What is eczema?
The word 'eczema' comes from Greek and literally means 'boiling over'. Normal skin acts as a barrier to prevent water loss and stop skin irritants from penetrating. If you have eczema your skin doesn't do this as effectively as it should, leading to dryness, itching and cracked, scaly skin which lets in bacteria and allergens that can cause an allergic reaction. It is not a contagious condition. Eczema is an allergic condition that affects the skin. Another name for eczema is dermatitis.
Dermatitis is inflammation of the skin. There are several different types of dermatitis, but the one people usually mean when they say eczema is atopic dermatitis. Atopic refers to a lifelong tendency to allergic conditions such as asthma and allergic rhinitis (hay fever).
Eczema is a heterogeneous group of different non-infectious skin diseases which may be caused by irritative as well as immune mechanisms and lead to pathological changes in the epidermis and upper dermis (corium). It is the most common category of skin diseases. Eczematous disorders are also frequent occupational diseases. Eczema is a constellation of clinical findings, not a particular disease, and may manifest with erythema, papules, vesicles, crusts, weeping and oedema in its acute phase and with thickening of the skin, lichenification, and scaling in its chronic phase. Itching is a guiding symptom.
Eczema occurs in both children and adults, but usually appears during infancy. Atopic dermatitis often affects people with a family history of allergies. Those who are genetically predisposed and then exposed to environmental triggers may develop eczema. Many people who have eczema also suffer from allergic rhinitis (hay fever) and asthma, or have family members who do.
Eczema can be triggered by just about anything coming in contact with the skin. It occurs in atopic people, who are extra sensitive to skin irritation. Dry, flaky skin appears over red, inflamed areas, causing intense itching and burning. Eczema is a very common condition, and it affects all races and ages, including young infants. About 1-2 percent of adults have eczema, and as many as 20 percent of children are affected. It usually begins early in life, even before asthma or hay fever. Most affected individuals have their first episode before age 5 years.
For some, the disease will improve with time. For others, however, eczema is a chronic or recurrent disorder. Although it can occur just once, it usually occurs on and off throughout life, or lasts the entire lifetime. Eczema can be a difficult, frustrating condition. The natural human desire to scratch or rub an itchy rash just makes the condition worse, and treatments can be slow and are not always completely effective.
There are several different types of eczema. The most common of these is atopic eczema – the kind suffered mainly by babies and children. This book therefore covers atopic eczema in childhood in greater detail than other forms of eczema.
Other types of eczema trouble us at different times of life for a number of reasons. For some, it is work related, whereas others develop a specific allergy to something to which they are exposed at home or work. And, as we get older, our skin becomes drier and thinner, which contributes to certain forms of eczema in old age.
More information on eczema
What is eczema? - Eczema is a heterogeneous group of different non-infectious skin diseases. Eczema occurs in both children and adults, but usually appears during infancy.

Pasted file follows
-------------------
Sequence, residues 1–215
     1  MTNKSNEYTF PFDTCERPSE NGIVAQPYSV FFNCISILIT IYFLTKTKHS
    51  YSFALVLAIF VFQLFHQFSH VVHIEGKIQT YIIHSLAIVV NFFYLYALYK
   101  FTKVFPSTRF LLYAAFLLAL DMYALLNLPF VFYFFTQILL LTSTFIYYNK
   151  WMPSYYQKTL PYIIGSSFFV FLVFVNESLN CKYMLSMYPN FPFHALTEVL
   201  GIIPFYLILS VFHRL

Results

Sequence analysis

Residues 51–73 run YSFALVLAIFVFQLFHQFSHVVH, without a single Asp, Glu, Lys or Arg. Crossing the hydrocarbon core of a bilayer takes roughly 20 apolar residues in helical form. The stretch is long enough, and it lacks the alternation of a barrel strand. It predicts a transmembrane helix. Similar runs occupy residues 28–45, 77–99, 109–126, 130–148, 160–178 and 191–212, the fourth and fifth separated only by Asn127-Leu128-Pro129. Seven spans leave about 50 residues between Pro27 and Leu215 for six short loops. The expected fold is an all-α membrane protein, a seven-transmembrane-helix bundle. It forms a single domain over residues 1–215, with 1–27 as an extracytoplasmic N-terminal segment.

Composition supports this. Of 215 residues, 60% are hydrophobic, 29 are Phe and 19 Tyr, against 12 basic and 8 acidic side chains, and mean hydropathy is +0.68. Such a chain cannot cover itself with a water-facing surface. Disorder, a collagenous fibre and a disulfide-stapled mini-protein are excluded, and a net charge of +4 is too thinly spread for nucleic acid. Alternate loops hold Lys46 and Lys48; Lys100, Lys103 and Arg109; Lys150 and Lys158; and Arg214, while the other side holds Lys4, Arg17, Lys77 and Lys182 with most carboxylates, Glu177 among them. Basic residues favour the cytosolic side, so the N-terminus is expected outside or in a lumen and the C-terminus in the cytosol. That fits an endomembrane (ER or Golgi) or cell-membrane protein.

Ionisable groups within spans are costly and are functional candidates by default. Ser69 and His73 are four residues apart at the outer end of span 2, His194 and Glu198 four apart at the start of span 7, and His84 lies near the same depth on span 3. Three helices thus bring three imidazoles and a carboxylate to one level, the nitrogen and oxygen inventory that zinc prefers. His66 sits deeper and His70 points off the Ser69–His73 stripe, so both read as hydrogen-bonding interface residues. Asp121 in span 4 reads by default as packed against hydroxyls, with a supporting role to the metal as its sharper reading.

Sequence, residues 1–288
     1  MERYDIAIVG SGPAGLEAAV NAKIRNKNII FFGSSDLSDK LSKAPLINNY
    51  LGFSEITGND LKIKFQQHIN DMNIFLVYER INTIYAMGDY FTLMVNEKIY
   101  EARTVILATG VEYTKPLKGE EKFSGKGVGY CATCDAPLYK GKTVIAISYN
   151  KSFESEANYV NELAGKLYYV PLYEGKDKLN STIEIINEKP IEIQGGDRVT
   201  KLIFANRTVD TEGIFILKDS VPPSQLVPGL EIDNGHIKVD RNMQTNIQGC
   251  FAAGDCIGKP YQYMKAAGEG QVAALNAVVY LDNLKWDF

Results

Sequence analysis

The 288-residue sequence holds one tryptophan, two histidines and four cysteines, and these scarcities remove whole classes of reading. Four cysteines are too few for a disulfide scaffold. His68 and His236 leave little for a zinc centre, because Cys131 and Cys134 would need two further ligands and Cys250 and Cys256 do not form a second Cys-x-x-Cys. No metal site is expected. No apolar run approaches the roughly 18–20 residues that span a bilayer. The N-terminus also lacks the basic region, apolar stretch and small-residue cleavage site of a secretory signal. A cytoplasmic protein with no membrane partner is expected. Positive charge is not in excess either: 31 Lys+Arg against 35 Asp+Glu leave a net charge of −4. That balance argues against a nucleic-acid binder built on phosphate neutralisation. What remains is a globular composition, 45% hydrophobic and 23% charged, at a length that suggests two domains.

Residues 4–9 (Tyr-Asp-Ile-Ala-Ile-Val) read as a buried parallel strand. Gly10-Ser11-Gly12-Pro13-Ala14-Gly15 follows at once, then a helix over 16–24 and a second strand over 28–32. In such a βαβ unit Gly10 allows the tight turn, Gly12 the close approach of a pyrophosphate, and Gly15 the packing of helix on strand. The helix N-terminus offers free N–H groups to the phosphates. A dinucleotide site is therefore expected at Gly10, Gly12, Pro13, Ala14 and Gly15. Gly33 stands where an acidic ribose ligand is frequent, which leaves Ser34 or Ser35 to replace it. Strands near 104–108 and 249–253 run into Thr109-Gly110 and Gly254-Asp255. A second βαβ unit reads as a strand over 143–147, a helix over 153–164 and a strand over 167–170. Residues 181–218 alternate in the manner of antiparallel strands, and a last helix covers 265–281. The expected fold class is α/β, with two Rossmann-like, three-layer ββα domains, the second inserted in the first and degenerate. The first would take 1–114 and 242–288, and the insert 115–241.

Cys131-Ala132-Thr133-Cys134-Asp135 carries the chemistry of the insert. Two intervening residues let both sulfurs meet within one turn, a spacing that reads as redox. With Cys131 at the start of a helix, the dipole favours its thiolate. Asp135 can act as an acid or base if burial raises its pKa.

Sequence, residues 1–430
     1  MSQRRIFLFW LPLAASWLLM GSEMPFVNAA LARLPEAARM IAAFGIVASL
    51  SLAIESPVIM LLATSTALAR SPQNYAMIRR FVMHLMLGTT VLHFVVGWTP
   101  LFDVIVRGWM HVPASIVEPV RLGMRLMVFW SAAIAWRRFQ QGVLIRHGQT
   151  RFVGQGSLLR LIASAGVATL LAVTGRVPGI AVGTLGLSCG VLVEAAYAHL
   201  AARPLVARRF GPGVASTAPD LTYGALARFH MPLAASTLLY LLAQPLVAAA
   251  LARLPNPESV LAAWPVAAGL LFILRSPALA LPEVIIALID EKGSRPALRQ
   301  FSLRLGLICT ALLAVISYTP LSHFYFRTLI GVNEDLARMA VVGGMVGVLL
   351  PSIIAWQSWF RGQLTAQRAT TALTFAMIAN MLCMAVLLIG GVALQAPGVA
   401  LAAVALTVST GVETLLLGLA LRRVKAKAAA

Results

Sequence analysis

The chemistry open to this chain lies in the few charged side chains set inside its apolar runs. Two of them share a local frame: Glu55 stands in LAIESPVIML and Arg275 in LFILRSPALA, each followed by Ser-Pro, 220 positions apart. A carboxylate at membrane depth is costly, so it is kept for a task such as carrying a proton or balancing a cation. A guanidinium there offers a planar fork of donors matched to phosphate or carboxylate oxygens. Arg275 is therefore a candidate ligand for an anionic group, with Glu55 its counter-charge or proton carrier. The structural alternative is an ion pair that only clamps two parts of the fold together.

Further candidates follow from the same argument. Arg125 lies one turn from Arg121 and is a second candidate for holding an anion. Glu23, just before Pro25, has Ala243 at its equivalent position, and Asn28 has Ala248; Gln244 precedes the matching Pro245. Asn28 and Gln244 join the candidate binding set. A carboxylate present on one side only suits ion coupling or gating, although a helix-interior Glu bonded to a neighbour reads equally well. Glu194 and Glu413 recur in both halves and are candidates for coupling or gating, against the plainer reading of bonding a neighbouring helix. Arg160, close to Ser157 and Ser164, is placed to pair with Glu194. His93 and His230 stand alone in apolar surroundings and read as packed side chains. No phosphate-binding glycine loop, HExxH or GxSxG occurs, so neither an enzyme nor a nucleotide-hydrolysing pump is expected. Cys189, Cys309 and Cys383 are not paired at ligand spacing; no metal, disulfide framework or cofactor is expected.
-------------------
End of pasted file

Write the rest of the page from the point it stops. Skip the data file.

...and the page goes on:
What types of eczema are there? - There are various types of eczema, including atopic eczema (atopic dermatitis), contact dermatitis, varicose eczema, discoid eczema, nummular eczema, stasis dermatitis.
What are the symptoms of eczema? - Symptoms of eczema are itching and redness, and may make the skin dry and flaky. Eczema makes the skin more sensitive.
What causes eczema? - The most common cause of eczema is a general allergic over-sensitivity. Other types of eczema arise as a result of causes within the body.
How does eczema affect people? - In eczema, the main problems occur in the epidermis where the keratinocytes become less tightly held together.
How is eczema diagnosed? - Eczema is usually diagnosed through a physical examination. Further tests may include skin biopsy or patch tests.
What are the treatments for eczema? - Avoidance of the aetiological factors is one important therapeutical approach. Symptomatic treatment includes topical and systemic treatment regimens.
How can eczema be prevented? - Eczema flare-ups can be prevented by avoiding exposure to extreme temperatures, dry air, harsh soaps and bubble baths.
How to deal with infant or baby eczema? - For mild to moderate baby eczema, the application of moisturizer on a regular basis can be very helpful. Avoid as many eczema triggers as possible.
What is atopic eczema and its treatment? - Atopic eczema (atopic dermatitis) is the commonest form of eczema and is closely linked with asthma and hayfever.
What is dyshidrotic eczema? - Dyshidrotic eczema is a form of eczema often seen on the hands and feet where tiny blisters of serum form just below the skin's surface.
What is nummular eczema? - Nummular eczema is a chronic eczema characterised by coin-shaped, sharply demarcated lesions. Nummular eczema is more common in males.
What is hand eczema (hand dermatitis)? - Hand eczema, also called hand dermatitis, is a skin condition in which the hands develop a rash and become red, dry, cracked, and inflamed.
What is varicose eczema? - Varicose eczema is due to increased pressure within the veins in the leg. Varicose eczema affects the lower legs people in their middle to late years.
What's seborrhoeic eczema? - Seborrhoeic eczema is a common skin disease affecting any sebum-(natural oil) producing area of the skin.